There are a few things that camp and parent experts believe will ease the transitions and help your child sit back and enjoy the campfire.

Hype it up, but don’t over talk

“Have faith in your decision to send your child to the camp you chose for them,” says Kelly Meehan camp director at Presidio Community YMCA in San Francisco. Parents who have diligently researched and familiarized themselves with the camp and camp staff are better suited to passing on a positive message to their children about the camp and the activities the child will be exposed to.
But be sure not to “overtalk” the situation, recommends Jamie Holden, director of Trinity Presbyterian Nursery School in San Carlos. “Sometimes parents tend to overtalk the situation so they actually make the child more nervous about the situation,” she says.
Holden suggests discussing the camp in a non-emotional tone, providing the child with a few facts about camp. She suggests briefly talking with your child about the camp the day before and not the night before when the child is in bed and tired because in the child’s mind, the focus becomes the parent leaving the child.

Ease separation anxiety by having discussions beforehand

Using kid-friendly terminology will help a child understand why a parent can’t stay with the child at camp, says Holden.
“Something like … There isn’t room for parents to stay it’s only for kids to play, it’s the way the program is run, or on the drive to camp let your child know that you will stay for a minute but once the child gets into groups, mommy has to leave,” recommends Holden.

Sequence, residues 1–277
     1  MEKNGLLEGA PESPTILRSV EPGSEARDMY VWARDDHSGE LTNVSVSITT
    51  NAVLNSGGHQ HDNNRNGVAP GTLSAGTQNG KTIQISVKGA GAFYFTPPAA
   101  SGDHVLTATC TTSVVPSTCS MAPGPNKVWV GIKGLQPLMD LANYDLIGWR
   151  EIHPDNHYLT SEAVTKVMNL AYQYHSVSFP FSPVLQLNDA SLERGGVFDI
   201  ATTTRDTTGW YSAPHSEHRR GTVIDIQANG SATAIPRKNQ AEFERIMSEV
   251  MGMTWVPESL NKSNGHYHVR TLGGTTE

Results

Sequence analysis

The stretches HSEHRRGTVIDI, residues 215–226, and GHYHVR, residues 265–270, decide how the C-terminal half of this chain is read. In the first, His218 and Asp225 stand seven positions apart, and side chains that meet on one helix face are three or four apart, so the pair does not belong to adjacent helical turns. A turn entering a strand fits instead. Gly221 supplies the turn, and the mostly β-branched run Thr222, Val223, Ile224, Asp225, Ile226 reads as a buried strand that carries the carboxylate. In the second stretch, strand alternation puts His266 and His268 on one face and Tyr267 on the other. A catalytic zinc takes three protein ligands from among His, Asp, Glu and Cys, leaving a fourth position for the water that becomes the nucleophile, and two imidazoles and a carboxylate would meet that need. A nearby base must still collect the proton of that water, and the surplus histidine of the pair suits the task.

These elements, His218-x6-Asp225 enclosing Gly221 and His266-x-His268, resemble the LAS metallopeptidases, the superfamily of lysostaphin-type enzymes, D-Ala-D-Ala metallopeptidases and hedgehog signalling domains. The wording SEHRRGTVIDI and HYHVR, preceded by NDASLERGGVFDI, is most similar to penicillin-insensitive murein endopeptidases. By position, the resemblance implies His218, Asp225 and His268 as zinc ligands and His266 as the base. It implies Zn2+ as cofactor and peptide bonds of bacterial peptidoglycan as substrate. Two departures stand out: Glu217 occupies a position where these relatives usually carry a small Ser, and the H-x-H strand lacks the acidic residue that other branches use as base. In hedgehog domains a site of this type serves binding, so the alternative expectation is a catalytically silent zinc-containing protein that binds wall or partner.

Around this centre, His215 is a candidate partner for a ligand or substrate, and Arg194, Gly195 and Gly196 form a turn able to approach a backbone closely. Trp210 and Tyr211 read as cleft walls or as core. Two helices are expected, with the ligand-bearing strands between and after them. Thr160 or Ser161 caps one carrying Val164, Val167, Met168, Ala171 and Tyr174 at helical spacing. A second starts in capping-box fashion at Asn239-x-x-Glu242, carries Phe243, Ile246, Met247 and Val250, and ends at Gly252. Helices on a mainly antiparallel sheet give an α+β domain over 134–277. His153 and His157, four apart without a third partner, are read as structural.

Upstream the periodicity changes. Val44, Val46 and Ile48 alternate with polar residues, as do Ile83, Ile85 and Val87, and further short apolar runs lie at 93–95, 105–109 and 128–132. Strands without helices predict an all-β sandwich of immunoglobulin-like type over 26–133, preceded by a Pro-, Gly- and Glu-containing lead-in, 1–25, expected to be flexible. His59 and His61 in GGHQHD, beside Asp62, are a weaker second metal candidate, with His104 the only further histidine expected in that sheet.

For some kids, having something in their pocket, back pack or lunchbox, maybe photo of the family or a pet gives a child something to check in with if they are feeling lonely or uncomfortable, suggests Agnew.

Have a clear exit strategy

“A short and sweet goodbye works best for all,” says Fernandez. After you sign your child into camp, give them a hug and kiss, introduce them to their leader, and tell them to have a great day. Avoid lingering and your child will most likely become engaged in the many activities camp has to offer.

Which camp to choose?

Jodi Fernandez, recreation supervisor with the Redwood City Parks and Recreation Department says when choosing a camp it is important to first consider whether your child would do better in a full day or half day situation.

“If a full day would be too long, consider sending them to a half-day camp. Many times a half-day is a perfect amount of time for a new camper,” she says.

Another thing to consider is the type of camp your child might enjoy. Is your child crazy about the outdoors, dinosaurs, soccer, dance, art, bugs, fairytales or cooking? There are many different types of camps to choose from and sticking with your child’s interests can help your child enjoy the experience more. Fernandez says that many camps will have a theme listed when you sign up.
It is also a good idea to ask friends and neighbors for camp suggestions as they can be a strong resource. Also check your local parks and recreation department, as well as the county’s recreation department and various museums, zoos and gyms for specific camps.